In July 2021, the World Benchmarking Alliance (WBA) launched a benchmark on the 100 most influential Oil and Gas companies. The findings were bleak and showed that these companies are very far off being aligned with a 1.5 degrees trajectory. The sector is currently set to burn through its carbon budget for meeting Paris Agreement’s 1.5 degrees goal by 2037, and only 13 of the 100 companies have low carbon transition plans that extend at least 20 years into the future. Click here for the ranking and individual company scorecards
As someone who has worked with investors for the last decade and someone who is fully sold on the mission of the WBA (to “Build a movement to measure and incentivise business impact towards a sustainable future, that works for everyone”) these findings left me contemplating…what should investors do now?
If listed equity investors look at these findings and decide to divest from these stocks it will not lead to the positive real-world sustainability outcomes. There are still many investors around the world who will buy the stock. Even if this wasn’t the case, divestment could potentially impact share price and the risk of this may incentivise companies’ senior management to change their approach, but again in itself it wouldn’t necessarily lead to an improved environmental or social situation.
There are some useful developments to help support investors in navigating all of this, for example, the Net Zero Investment Framework published in March 2021. However, it appears that there are still many investors just focussing on how climate change presents financial risks to their investments, rather than going beyond this by setting decarbonisation targets for themselves. Those that have done the latter are still at risk of focussing more on portfolio decarbonisation (e.g. selling high carbon assets to meet short term absolute carbon emissions targets) rather than finding solutions for real world decarbonisation.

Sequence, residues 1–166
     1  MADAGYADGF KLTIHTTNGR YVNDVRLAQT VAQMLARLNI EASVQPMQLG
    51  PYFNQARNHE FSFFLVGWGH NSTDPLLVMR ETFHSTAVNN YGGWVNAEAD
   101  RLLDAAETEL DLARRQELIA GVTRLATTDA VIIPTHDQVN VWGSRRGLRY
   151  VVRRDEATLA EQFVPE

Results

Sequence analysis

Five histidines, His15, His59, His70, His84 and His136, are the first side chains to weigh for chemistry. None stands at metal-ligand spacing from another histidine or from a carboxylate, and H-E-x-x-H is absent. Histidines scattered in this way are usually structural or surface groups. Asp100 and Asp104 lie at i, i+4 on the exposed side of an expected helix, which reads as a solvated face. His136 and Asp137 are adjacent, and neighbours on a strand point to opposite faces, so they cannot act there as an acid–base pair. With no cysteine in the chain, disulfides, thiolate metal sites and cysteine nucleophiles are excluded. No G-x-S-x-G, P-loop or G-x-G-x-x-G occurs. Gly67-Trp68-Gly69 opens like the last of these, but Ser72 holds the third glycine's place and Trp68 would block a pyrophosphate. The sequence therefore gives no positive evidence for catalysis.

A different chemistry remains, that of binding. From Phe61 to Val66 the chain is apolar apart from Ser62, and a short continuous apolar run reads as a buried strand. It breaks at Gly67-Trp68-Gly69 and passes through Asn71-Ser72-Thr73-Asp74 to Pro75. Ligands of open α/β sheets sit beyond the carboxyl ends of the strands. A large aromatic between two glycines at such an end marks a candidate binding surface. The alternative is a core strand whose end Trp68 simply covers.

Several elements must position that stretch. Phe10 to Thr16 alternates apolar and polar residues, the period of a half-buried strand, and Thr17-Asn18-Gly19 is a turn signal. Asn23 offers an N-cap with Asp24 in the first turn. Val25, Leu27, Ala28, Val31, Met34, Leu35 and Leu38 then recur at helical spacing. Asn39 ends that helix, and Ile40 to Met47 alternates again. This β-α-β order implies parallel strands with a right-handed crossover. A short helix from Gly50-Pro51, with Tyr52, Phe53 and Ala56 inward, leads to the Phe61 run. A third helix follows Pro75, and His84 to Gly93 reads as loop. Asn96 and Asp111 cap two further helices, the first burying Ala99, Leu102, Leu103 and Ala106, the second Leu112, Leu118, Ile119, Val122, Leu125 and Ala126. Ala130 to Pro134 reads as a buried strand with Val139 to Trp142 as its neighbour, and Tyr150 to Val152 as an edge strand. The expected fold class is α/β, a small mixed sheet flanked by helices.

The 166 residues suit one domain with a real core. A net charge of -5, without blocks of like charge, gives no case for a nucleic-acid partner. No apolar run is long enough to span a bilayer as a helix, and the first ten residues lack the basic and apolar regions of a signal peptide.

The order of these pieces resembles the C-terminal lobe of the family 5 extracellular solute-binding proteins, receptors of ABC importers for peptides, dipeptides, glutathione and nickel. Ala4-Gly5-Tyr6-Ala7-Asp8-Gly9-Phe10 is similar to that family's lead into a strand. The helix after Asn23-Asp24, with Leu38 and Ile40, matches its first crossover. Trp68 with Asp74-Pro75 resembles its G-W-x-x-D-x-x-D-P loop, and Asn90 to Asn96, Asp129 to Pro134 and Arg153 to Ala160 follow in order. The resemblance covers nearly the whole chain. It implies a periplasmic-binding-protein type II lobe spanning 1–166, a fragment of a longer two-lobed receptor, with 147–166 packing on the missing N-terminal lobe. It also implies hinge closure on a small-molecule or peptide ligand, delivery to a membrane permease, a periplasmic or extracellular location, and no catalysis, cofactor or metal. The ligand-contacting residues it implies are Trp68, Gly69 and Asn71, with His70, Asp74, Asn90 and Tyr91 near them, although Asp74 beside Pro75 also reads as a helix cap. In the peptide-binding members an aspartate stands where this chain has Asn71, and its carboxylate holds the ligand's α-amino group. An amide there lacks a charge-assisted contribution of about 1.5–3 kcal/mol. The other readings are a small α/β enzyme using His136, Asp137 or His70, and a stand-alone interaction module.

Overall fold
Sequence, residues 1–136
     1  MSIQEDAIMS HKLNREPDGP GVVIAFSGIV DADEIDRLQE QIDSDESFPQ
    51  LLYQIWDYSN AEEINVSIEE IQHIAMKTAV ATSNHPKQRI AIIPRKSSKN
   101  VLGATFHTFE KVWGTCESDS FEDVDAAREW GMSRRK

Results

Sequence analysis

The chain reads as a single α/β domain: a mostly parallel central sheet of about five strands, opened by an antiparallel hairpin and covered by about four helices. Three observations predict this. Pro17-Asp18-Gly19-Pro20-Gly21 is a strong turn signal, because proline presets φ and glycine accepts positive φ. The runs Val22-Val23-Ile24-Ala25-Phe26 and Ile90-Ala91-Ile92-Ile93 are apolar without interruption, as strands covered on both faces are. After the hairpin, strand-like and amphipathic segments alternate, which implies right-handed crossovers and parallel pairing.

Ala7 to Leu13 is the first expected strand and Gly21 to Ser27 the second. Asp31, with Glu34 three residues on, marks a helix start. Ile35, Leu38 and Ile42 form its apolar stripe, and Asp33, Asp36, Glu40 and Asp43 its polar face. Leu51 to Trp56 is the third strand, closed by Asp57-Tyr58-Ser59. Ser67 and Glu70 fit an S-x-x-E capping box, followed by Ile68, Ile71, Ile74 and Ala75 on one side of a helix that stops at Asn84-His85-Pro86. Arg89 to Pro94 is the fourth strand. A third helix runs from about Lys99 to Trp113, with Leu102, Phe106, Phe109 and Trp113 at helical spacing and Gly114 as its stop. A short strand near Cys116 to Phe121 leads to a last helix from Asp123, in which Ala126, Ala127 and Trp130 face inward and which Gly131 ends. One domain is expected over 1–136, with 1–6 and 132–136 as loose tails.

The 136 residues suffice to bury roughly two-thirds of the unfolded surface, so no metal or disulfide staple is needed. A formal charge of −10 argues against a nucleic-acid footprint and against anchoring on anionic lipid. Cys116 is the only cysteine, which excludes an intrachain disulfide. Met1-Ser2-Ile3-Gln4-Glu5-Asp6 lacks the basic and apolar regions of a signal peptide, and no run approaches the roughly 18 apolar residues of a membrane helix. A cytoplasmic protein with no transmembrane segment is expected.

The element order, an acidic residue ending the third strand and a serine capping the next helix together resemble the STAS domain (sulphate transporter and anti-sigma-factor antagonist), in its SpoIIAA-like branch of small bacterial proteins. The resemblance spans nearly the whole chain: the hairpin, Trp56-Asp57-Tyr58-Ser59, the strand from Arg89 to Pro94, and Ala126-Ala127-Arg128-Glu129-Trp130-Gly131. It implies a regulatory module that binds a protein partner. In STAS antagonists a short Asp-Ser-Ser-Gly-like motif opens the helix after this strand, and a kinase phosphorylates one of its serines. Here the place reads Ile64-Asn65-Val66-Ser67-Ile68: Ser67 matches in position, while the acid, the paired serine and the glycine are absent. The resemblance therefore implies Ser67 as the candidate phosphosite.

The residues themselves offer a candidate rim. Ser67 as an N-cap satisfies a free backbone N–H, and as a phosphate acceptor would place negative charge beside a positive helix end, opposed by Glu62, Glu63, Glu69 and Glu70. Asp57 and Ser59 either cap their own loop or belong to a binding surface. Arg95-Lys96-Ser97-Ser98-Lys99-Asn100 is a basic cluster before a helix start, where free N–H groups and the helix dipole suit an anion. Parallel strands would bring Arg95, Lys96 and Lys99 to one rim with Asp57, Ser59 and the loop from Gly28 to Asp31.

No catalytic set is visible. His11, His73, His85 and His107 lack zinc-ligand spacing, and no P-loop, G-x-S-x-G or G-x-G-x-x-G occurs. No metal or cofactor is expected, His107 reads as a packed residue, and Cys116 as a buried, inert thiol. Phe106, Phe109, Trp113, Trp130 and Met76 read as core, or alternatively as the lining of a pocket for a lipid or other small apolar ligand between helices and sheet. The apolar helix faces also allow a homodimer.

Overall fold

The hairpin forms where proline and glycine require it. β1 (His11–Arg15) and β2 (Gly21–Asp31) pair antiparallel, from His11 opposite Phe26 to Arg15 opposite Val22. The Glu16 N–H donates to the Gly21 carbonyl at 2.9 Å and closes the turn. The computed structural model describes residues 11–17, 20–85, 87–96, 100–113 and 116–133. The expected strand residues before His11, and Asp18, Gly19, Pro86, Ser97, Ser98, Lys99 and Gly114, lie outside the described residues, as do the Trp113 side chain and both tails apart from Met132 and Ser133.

Ninety One’s CEO Hendrik du Toit, a WBA Ambassador and Ally, highlighted this risk in a recent article, emphasising that “’Portfolio purity’ will not bring about the change needed to tackle the climate crisis”. In addition, not only does portfolio decarbonisation not necessarily contribute to the climate transition, it can also create unintended social consequences (such as those outlined by Hendrik). So, this adds to the investment puzzle. It clearly reminds us that the “S” cannot be seen as an “add on” or a “nice to have” that we’ll all get round to in a few years’ time. A “just transition” needs to fully embed in current climate transition plans. Not only to avoid negative social impacts, but also because workforces and communities are essential enablers (or potential delayers) to countries and companies actually achieving climate transition targets. Read more on Just Transition here.